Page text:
June 2021
Volume 62, Issue 8
Open Access
ARVO Annual Meeting Abstract  |   June 2021
Utilization and insurance payments for tele-ophthalmology in the United States over 10 years
Author Affiliations & Notes
  • Sophie Camille Lee
    Ophthalmology, University of California Davis, Sacramento, California, United States
  • Susan Alber
    Ophthalmology, University of California Davis, Sacramento, California, United States
  • Neesurg Mehta
    Ophthalmology, University of California Davis, Sacramento, California, United States
  • Parisa Emami-Naeini
    Ophthalmology, University of California Davis, Sacramento, California, United States
  • Glenn Yiu
    Ophthalmology, University of California Davis, Sacramento, California, United States
    OptumLabs Visiting Fellow, Optum Inc, Eden Prairie, Minnesota, United States
  • Footnotes
    Commercial Relationships   Sophie Lee, None; Susan Alber, None; Neesurg Mehta, None; Parisa Emami-Naeini, None; Glenn Yiu, Allergan (C), Carl Zeiss Meditec (C), Clearside Biomedical (C), Genentech (C), Intergalactic Therapeutics (C), Iridex (C), Regeneron (C), Topcon (C), Verily (C)
  • Footnotes
    Support  OptumLabs Data Warehouse
Investigative Ophthalmology & Visual Science June 2021, Vol.62, 2667. doi:
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      Sophie Camille Lee, Susan Alber, Neesurg Mehta, Parisa Emami-Naeini, Glenn Yiu; Utilization and insurance payments for tele-ophthalmology in the United States over 10 years. Invest. Ophthalmol. Vis. Sci. 2021;62(8):2667.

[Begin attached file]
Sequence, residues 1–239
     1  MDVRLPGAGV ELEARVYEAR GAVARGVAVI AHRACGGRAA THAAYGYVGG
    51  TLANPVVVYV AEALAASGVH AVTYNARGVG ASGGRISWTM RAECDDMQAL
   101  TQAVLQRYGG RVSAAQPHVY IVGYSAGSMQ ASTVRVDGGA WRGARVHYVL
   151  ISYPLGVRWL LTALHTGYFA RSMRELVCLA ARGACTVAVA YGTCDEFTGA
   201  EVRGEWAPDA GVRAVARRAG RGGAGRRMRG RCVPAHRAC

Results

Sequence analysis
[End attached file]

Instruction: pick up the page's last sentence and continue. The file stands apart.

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      © ARVO (1962-2015); The Authors (2016-present)

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Abstract

Purpose : Remote eye screening using tele-ophthalmology has the potential to reduce cost and improve rates of retinopathy screening in patients with diabetes. However, lower insurance reimbursements have limited the financial sustainability of many tele-ophthalmology programs. Here, we performed a retrospective claims-based analysis of tele-ophthalmology utilization and insurance payments using the OptumLabs® Data Warehouse (OLDW) – a comprehensive database of de-identified administrative claims for commercial enrollees in the U.S.

Methods : We analyzed all healthcare claims in OLDW database from 2010-2019 for tele-ophthalmology using Current Procedural Terminology (CPT) codes for tele-ophthalmology 92227 and 92228 for any providers, as well as fundus photography 92250 by non-eyecare providers. We evaluated the number of administrative claims for tele-ophthalmology codes, rates of insurance claim payments or denials, provider specialty and practice setting, as well as age, sex, race/ethnicity, household income, education level, and rural-urban commuting area (RUCA) codes.

Results : Utilization of tele-ophthalmology increased rapidly over the past 10 years, from 51 claims per 100,000 person-years in 2011 when tele-ophthalmology CPT codes were introduced, to 153 claims per 100,000 person-years in 2019. A majority of administrative claims for tele-ophthalmology include at least one diagnostic code for type 1 or 2 diabetes (59%). The rest include a diagnosis of diabetic eye disease (8%) or any eye condition (41%). However, insurance payments for tele-ophthalmology decreased over the 10-year period, from 88% of claims paid in 2011 to 65% in 2019.

Conclusions : Utilization of tele-ophthalmology has increased rapidly over the past 10 years, but insurance payments have declined. Given the potential cost-savings and reduction of in-person eye screening for diabetic patients, insurance providers should be encouraged to improve coverage for tele-retinal services.

This is a 2021 ARVO Annual Meeting abstract.

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